The latest Bolaño, reviewed at M&L.
In one of the monologues that make up the long middle section of Roberto Bolaño’s The Savage Detectives, the eccentric architect Quim Font attempts a taxonomy of reading. There are books, he tells us, for when you’re happy and when you’re sad, for when you’re bored and when you’re calm. There are books for the mature, imagined as staid, proper men who frequent novels and literary magazines (“a cool-headed, mature, educated man leading a more or less healthy life”). And then there are the opposite, books for the puerile, which are not . . . continue reading, and add your comments
I don’t really think poetry written for print works in the electronic format. You can make an argument that there isn’t a whole lot of loss when prose is digitized, but with poetry that argument is a lot harder to defend. (Of course, nothing should stop poets from writing poetry that plays with the limitations/enhancements of electronic media, and that would suck if it were to be printed out.)
That said, bless them for trying this hard to make poetry work on e-readers.
“The first impression you have of a poem is looking at the shape on . . . continue reading, and add your comments
Here it is. If you’re the kind that doesn’t like to just jump into things, full TOC after the jump.
Continue reading Issue 37 of The Quarterly Conversation
I wonder if, given the minuscule amount of translated books published each year, but the relative regularity of a bestseller every year or so, if translations aren’t actually more likely to be bestsellers than native lit.
Cool idea. Edouard Levé would have been a fantastic participant.
A thousand trees have been planted in Nordmarka, a forest just outside Oslo, which will supply paper for a special anthology of books to be printed in one hundred years time. Between now and then, one writer every year will contribute a text, with the writings held in trust, unpublished, until 2114. Tending the forest and ensuring its preservation for the 100-year duration of the artwork finds a conceptual counterpoint in the invitation extended to each writer: to conceive and produce a work in the hopes of . . . continue reading, and add your comments
You all should really be reading Juan Jose Saer (if you’re not already). His books have a very particular feel . . . I could spend a long time trying to describe it exactly. It’s light but heavy, metaphysical, quotidian, Argentine, provincial, cosmopolitan.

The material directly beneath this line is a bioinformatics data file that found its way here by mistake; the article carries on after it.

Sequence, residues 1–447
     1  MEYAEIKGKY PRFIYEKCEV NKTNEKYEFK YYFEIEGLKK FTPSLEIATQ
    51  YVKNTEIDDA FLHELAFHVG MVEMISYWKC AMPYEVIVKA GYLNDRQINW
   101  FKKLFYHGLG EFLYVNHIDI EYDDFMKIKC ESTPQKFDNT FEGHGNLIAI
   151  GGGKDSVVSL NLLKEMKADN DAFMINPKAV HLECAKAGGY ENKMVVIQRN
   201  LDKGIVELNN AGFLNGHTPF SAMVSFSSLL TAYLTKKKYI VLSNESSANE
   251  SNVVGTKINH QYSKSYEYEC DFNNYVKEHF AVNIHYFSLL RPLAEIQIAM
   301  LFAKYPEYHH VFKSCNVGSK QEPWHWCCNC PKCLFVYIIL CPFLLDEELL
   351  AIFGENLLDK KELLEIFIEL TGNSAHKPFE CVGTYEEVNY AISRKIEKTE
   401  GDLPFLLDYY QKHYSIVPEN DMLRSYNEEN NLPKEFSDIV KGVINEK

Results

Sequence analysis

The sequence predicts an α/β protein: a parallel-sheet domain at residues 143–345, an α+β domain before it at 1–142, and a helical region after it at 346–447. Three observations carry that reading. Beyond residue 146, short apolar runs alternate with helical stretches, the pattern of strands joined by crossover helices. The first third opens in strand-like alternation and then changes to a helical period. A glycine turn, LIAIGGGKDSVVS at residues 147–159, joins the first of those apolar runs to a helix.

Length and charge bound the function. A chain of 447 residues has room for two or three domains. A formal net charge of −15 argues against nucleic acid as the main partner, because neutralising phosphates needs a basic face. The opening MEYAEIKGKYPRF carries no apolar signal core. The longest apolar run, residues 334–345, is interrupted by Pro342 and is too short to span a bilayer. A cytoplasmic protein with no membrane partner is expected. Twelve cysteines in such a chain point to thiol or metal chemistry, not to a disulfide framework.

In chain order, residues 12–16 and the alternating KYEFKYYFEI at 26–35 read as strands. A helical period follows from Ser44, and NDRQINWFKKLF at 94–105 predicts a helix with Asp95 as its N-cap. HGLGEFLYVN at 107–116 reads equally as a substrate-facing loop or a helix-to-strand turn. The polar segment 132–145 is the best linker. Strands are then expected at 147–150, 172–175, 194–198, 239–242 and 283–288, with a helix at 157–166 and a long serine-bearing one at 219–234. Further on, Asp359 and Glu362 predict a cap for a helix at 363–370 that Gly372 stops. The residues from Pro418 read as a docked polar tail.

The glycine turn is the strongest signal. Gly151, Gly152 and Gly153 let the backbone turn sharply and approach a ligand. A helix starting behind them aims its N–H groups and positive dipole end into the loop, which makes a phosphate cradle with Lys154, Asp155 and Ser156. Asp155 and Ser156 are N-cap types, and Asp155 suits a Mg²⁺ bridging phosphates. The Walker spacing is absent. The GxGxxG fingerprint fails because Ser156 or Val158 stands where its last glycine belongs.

Anyway, read the two-part interview between Jeremy Davies and Saer-translator Steve Dolph.
Read them: The Witness, La Grande, Scars . . .
The doubt begins with the prose style. On the formal level, the narration in many of his novels, especially after Glosa, is hesitant, unsure. There’s quite a bit . . . continue reading, and add your comments
Jill Schoolman, interviewed at BOMB. Hope everybody reading this in the Bay Area will come out to the event with Scholastique Mukasonga at City Lights on the 18th. Jill will be there.
BD It’s vital to read literature from around the world. For those of us striving to find more international literature, which books would you recommend or deem unmissable?
JS Oh, there are so so many books that I feel close to. For starters, the novels by Céline and Ondaatje and Krasznahorkai and Nabokov, Hrabal, Rulfo, Elias Khoury and Magdalena Tulli; and stories by Jergović, . . . continue reading, and add your comments
Okay, I know it’s wrong to respond to clickbait, but—the thing that pisses me off about this is that it’s somehow a humblebrag to say you were inspired by a great book of literature. Because we know that the only reason someone would bother finishing a book like Infinite Jest, much less try to share the excitement of reading it with others, is out of a stuffy desire to impress someone else with your intellectual might.
It never seems to cross Alexis Kleinman’s mind that people read great literature because . . . to them that’s more fun . . . continue reading, and add your comments
It’s kind of amazing that the NYRB published Frederick Seidel’s lazy review of The Flamethrowers by Rachel Kushner, one of last year’s “it books.” Not that I think Seidel is so far off with a lot of what he says, but he clearly couldn’t be bothered to write anything that attempted to be persuasive, instead just rattling off a series of boorish assertions. Seriously, this is borderline comical:
It doesn’t convince.
The book keeps being entertaining (except for the really bad bits) and keeps being unconvincing.
They are not very convincing motorcycles . . .
. . . . . continue reading, and add your comments
A few months ago when Knausgaard fever was sweeping these States, I saw some people promulgating the argument that if a woman had done what Knausgaard did, no one would have cared. Or even worse, she would be derided as self-indulgent and banal.
To my ears that argument has always had a bullshitty ring to it for various reasons, and, well, now I think we have the closest thing possible to proof that it’s wrong. The Italian author Elena Ferrante (a pseudonym) is beginning to catch on big time in the States (see her in The New . . . continue reading, and add your comments